Every Day Give Yourself a Present
I was definitely overwhelmed by the response yesterday’s tribute to my grandmother garnered. I had almost one hundred emails by the day’s end from customers all over the country who took the time to drop me a line; many who felt a certain kinship with Helen and her love affair with gin martinis. Let me say this: my grandmother would have been absolutely thrilled had she been alive to read all of these messages. She would have been downright giddy. So thank you to everyone who chimed in. My family is extremely thankful for your sympathy and well wishes.
I learned one of the most important lessons in my booze career from my grandmother, when she taught me that giving people exactly what they want is sometimes more rewarding than expanding their horizons. When I first got the job at K&L I told her specifically how much great Champagne we had in stock, and how I couldn’t wait to send her some; Helen being a big fan of the bubbly. She responded by telling me she had always wanted to try Dom Perignon, but had never been able to afford it. She had always pictured the monks out in the field (back when that was still happening), tending to the vines, making one of the world’s most revered liquids, and she would tell me how just the thought of having a glass would often send chills up her spine. Me being new to the industry and eager to show off my chops, I told her about all the other incredible K&L exclusive Champagnes we carried; many of which were cheaper in price and higher in quality than Dom Perignon, in my opinion. She thought that was interesting, so I sent her a bottle of Frank Bonville “Belles Voyes” (the best Champagne we carry, in my opinion) which I know she enjoyed. She told me later on “it was nice.” She thanked me profusely. “Oh, it was just lovely,” were her words. But I could tell from the tone in her voice that it hadn't really moved her the way a bottle of Dom would have. Drinking the Bonville wasn’t going to go down in history as a memorable moment for her, which is ultimately the experience I had hoped to give her.
The next year when my mother went up to visit Helen, it was Mother’s Day weekend and a Champagne shipment was most definitely in order. This time around I didn’t make the same mistake. I sent the Dom Perignon—a Champagne that wasn’t nearly as delicious as the “Belles Voyes” in my opinion, but was what I ultimately knew she wanted. At that point, I was completely focused on my grandmother’s dream of living out one of her most-coveted fantasies, and the romanticism she felt towards Dom Perignon the brand, which was far more powerful than the elegant and refined flavors of the Bonville. It wasn’t about drinking “the best” for her, or deciphering quality. It was about feeling special, and getting the chance to experience something she never thought she would have the chance to enjoy for herself. I’ll never forget the conversation I had with her the next day after she and my mother drained that bottle. She was so happy. She was absolutely thrilled. That bottle of Dom Perignon had made her entire year.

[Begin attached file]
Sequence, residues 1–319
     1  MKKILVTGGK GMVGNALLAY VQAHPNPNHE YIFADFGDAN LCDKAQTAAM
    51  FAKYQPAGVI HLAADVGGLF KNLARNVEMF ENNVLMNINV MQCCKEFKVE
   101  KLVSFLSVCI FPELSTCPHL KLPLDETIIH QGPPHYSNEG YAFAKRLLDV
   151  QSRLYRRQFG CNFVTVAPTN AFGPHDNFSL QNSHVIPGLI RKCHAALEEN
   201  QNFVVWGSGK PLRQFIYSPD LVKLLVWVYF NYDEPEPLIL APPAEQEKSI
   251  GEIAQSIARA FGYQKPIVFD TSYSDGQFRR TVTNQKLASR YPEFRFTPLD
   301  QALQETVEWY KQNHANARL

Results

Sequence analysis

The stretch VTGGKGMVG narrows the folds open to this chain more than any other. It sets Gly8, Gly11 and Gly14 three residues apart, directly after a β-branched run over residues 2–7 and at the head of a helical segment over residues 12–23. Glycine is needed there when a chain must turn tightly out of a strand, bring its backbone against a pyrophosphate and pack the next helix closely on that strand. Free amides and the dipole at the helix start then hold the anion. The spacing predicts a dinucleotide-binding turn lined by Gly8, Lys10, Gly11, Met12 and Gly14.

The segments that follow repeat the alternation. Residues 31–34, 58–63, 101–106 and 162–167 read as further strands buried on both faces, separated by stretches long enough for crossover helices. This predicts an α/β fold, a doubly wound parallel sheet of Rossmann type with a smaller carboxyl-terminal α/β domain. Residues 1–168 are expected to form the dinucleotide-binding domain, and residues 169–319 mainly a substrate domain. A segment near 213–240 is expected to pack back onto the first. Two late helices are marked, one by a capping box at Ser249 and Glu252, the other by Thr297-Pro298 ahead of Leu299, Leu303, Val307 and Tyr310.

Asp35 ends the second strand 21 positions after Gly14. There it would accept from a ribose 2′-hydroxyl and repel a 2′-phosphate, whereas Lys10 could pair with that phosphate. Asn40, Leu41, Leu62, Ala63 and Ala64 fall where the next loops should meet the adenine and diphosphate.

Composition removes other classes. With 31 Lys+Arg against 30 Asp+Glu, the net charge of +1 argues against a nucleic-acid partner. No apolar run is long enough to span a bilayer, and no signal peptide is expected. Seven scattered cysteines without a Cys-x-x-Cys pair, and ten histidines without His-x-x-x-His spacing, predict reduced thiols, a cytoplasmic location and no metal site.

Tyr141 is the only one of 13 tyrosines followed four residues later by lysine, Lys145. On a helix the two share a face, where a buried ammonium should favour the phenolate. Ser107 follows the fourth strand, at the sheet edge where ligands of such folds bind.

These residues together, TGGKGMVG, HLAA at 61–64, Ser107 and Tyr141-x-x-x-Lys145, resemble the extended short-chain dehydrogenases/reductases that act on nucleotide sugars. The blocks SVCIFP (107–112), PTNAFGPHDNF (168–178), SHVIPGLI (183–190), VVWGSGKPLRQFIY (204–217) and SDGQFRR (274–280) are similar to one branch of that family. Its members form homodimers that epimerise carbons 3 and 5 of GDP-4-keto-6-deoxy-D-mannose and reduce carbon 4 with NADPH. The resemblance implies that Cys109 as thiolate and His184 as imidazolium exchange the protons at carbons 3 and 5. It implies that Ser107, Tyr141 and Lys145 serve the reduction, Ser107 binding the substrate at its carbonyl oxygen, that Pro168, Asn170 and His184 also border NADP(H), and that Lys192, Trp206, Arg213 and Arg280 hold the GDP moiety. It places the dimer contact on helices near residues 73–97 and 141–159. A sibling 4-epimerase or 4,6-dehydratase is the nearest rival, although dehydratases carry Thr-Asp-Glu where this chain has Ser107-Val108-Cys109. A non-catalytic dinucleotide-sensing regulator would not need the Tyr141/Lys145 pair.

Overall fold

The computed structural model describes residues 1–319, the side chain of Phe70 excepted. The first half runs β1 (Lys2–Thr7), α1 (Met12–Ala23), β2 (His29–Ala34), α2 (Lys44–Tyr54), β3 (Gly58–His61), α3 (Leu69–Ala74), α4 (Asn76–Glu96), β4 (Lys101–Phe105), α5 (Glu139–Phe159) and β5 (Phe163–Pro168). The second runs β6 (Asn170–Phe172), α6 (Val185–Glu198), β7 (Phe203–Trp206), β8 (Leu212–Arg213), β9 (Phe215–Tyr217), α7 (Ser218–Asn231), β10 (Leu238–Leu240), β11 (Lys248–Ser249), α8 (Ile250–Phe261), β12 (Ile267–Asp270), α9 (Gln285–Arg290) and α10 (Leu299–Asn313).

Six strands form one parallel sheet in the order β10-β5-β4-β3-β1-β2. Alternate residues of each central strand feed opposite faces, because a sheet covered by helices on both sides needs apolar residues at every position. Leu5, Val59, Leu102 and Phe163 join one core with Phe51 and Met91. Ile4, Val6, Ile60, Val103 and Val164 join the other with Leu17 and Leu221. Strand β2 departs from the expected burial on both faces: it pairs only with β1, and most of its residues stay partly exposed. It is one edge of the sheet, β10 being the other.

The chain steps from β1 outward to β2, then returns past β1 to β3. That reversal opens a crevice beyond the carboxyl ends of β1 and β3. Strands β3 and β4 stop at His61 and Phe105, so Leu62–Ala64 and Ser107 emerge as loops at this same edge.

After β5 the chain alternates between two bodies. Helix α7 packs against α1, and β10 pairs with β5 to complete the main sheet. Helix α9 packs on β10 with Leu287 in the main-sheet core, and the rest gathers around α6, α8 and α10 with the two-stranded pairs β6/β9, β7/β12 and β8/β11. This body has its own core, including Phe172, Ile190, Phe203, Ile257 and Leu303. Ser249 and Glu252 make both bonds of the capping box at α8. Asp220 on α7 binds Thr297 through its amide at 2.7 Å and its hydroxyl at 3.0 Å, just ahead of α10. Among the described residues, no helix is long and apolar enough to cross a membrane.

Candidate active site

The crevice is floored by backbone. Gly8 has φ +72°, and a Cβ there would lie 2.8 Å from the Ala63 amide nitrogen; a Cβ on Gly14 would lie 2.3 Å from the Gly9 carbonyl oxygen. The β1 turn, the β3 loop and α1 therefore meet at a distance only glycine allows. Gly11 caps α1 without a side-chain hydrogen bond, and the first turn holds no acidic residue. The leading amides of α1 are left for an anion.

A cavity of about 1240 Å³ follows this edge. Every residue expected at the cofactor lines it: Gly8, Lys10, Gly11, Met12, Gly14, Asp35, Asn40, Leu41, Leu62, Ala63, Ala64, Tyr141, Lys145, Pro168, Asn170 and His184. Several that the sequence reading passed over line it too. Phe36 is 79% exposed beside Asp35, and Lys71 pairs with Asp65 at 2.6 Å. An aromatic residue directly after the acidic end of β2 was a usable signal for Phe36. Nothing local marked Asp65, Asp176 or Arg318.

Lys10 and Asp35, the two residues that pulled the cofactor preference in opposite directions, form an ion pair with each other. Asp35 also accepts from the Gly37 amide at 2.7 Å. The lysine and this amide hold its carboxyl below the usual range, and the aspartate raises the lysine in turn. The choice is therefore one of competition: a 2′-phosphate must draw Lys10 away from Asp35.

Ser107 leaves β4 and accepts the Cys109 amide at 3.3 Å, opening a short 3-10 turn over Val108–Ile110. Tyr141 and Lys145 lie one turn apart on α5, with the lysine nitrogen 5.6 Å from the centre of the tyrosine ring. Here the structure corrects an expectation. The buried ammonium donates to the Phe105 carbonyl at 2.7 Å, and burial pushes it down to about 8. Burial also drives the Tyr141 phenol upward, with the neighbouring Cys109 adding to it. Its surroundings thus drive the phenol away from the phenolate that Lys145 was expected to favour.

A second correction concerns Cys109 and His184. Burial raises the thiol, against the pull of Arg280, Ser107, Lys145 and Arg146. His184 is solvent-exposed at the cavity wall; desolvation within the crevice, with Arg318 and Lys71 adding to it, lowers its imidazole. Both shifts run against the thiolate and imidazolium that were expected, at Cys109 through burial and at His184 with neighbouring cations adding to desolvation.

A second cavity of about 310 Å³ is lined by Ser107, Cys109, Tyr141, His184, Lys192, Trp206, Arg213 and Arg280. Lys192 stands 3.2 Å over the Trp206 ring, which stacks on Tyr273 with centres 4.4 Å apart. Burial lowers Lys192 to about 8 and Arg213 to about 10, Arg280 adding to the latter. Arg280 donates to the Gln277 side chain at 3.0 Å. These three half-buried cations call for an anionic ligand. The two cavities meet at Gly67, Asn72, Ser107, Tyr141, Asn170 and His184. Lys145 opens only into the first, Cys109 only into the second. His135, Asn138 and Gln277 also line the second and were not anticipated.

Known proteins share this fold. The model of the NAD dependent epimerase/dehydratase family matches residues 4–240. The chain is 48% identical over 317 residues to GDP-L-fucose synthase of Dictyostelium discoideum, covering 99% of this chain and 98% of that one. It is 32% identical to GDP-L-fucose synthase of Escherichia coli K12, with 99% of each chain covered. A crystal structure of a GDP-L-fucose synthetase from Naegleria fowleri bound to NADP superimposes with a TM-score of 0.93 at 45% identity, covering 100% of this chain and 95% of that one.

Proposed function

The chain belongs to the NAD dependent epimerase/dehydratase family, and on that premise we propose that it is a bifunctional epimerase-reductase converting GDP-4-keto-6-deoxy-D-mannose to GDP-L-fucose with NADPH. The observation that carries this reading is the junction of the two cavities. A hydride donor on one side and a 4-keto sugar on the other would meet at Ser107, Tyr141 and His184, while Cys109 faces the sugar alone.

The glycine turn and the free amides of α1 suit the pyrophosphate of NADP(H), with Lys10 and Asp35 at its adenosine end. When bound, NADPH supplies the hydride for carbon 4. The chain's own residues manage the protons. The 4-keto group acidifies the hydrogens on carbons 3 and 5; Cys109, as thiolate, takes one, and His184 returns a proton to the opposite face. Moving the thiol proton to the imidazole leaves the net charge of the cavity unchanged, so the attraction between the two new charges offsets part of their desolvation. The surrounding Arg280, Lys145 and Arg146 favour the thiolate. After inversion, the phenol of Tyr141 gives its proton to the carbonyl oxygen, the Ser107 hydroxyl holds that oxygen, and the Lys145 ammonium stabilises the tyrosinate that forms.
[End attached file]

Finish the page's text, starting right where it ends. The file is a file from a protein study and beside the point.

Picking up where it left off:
That moment created a serious sea change in my customer service philosophy, and ultimately in the way I looked at the intentions of my job. Up until that point I considered my responsibilities as a wine store specialist to include both knowing which wines were best, and informing our customers of my own personal opinions as to which selections represented a better value. If someone came in and said, “My dad loves Johnnie Walker Blue, what can we get him?” I figured it was my job to say in return, “Well, I have something even better.” After realizing how happy the Dom Perignon made my grandmother, however, I started asking people what they specifically wanted, and then did my best to give them just that. Being a specialist of any kind can cause some of us to get a little preachy. We think our main purpose is to enlighten people and educate them, but it's not. We're just here to connect the dots. If someone asks me a question, I'll be happy to answer it, but I'll never force my opinion upon anyone at this point. Because let tell you about my grandmother and the time I tried to convince her there was a Champagne "better" than Dom Perignon. It didn't work out the way I had hoped, unfortunately.
The other thing my grandmother believed in deeply was a daily ritual—a moment each day when she would stop, sit down, relax, and give herself something special. That moment usually included a gin martini, as you all know. One of the emails I received yesterday actually recommended that I lobby to make June 29th “National Helen Felber Gin Martini Day”; an honor which I can tell you my grandmother would have enjoyed whole-heartedly. Except that Helen Felber didn’t believe in indulging herself merely one day per year. She never even considered the word “annual” when thinking about her martini. She believed in the idea of daily indulgence—that every afternoon was an opportunity for reflection and reward. So I say to you—those of us who want to do the memory of my gin-loving grandmother a certain dignity—we should make each day a memorial. Or maybe I should leave you with this classic line from Twin Peaks; a show my grandmother enjoyed greatly seeing that it was filmed in her own backyard:
Every single day should be "Helen Felber Gin Martini Day" because every single day we're alive to celebrate with a cold drink is worth recognizing.